Tuesday, May 27, 2003
Commish's cause lost in confusion
By Damien Cox Special to ESPN.com
EAST RUTHERFORD, N.J. -- The most telling moment of another strained public performance by Gary Bettman was when he was asked whether research done by the league indicates fans want more scoring during the regular season and playoffs.
"Not necessarily," was Bettman's curt, puzzling response.
The occasion was the NHL commissioner's annual address to the North American and European media assembled for the Stanley Cup final, and once again Bettman sought to deflect suggestions that the NHL game has become far too low-scoring and has been badly hurt both at the gate and with TV ratings both in Canada and the United States.
He just didn't do so very ably.
For starters, the thin-skinned commish bristled at suggestions that the league is in need of fundamental change, such as taking out the red line for offside passes. He also accused the league's many critics on both sides of the border of having an "axe to grind."
Then, after arguing that higher scoring games won't necessarily increase the entertainment level to aid faltering TV numbers, he produced a variety of odd statistics all relating to goal scoring as evidence the game is more wide open now than it was last season.
Either goals matter or they don't. Bettman, however, tried to take both sides of that argument, and in so doing again came off as a defensive league executive fighting a losing public relations battle.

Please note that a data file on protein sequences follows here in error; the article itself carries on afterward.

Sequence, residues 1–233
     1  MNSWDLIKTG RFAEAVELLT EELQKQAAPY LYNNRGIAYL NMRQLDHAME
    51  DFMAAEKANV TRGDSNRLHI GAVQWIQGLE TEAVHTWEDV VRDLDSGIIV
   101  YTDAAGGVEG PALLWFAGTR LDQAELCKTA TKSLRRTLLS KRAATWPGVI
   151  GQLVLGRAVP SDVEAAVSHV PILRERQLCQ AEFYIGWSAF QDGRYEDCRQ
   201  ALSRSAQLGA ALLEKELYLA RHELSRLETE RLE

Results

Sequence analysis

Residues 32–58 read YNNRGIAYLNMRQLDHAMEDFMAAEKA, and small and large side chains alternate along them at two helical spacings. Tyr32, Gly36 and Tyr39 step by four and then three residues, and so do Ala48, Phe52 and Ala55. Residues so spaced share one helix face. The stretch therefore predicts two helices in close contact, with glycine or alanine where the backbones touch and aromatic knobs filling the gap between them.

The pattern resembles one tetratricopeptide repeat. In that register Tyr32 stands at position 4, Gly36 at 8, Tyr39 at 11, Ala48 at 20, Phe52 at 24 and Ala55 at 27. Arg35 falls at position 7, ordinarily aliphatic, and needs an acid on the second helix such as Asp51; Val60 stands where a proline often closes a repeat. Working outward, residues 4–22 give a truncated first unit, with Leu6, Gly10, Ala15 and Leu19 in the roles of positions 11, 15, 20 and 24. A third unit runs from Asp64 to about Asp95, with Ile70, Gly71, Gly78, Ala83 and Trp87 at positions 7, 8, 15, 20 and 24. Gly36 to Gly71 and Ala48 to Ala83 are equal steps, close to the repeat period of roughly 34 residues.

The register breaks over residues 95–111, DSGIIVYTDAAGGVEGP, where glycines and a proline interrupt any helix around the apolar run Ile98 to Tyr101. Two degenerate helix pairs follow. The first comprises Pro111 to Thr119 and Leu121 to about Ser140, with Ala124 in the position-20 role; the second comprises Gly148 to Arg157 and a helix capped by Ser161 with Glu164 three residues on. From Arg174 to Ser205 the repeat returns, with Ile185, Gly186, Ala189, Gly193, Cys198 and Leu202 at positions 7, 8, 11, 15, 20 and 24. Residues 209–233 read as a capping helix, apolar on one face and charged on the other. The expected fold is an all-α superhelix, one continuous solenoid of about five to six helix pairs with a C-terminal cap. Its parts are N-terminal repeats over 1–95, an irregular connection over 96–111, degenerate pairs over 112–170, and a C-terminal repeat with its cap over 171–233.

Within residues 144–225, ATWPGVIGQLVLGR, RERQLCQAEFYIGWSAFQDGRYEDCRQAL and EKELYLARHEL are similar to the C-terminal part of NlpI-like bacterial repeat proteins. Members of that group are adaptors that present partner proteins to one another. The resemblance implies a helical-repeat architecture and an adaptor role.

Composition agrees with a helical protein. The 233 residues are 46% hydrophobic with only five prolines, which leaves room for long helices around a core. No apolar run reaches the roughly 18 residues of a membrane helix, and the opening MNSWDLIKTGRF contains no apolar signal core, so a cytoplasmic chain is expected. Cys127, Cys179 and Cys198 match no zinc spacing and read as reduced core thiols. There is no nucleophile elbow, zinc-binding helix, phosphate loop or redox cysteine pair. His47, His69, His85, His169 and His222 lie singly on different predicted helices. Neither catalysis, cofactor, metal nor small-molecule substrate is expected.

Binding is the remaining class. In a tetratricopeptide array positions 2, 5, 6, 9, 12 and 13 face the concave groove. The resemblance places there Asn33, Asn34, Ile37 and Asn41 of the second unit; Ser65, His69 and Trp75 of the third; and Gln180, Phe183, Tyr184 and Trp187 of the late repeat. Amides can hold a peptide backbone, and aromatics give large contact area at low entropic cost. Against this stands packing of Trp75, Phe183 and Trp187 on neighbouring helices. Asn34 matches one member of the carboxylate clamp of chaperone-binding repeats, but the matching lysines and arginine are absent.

The quality of the game, of course, has been and continues to be Bettman's Achilles heel as NHL commish. No matter how the league improves in areas like merchandising, arenas and corporate sponsorship, the fact the game has measurably deteriorated into a low-scoring, clutch-and-grab product over Bettman's tenure continues to hurt the league's ability to attract new fans and solidify established markets.
Sure, Jean-Sebastien Giguere was on "The Tonight Show" with Jay Leno last Friday night. But that won't change the fact the league is locked in a Dead Puck Era that is choking off interest of even the most dedicated fans.
At the end of the season, Detroit forward Igor Larionov, one of the most respected individuals in the entire hockey world, suggested that the dominant style of NHL competition is "terrible."
Recently on an NHL conference call, New Jersey Devils center John Madden talked about the "stupid, simple hockey" that is featured most nights in the NHL and suggested it "hurts our crowds."
Just this week, Vancouver general manager Brian Burke said the league desperately needs to take action to improve its entertainment quotient.
Bettman, however, won't acknowledge that a problem exists, at least not publicly.
For the most part, the commish seems to be in the business of spin-doctoring rather than fixing, the same posture which has seen the quality of play decrease over the past decade as defensive techniques and coaching has veered towards a decidedly conservative style of play.
Sadly, the possibility for real change is likely to be put on hold indefinitely.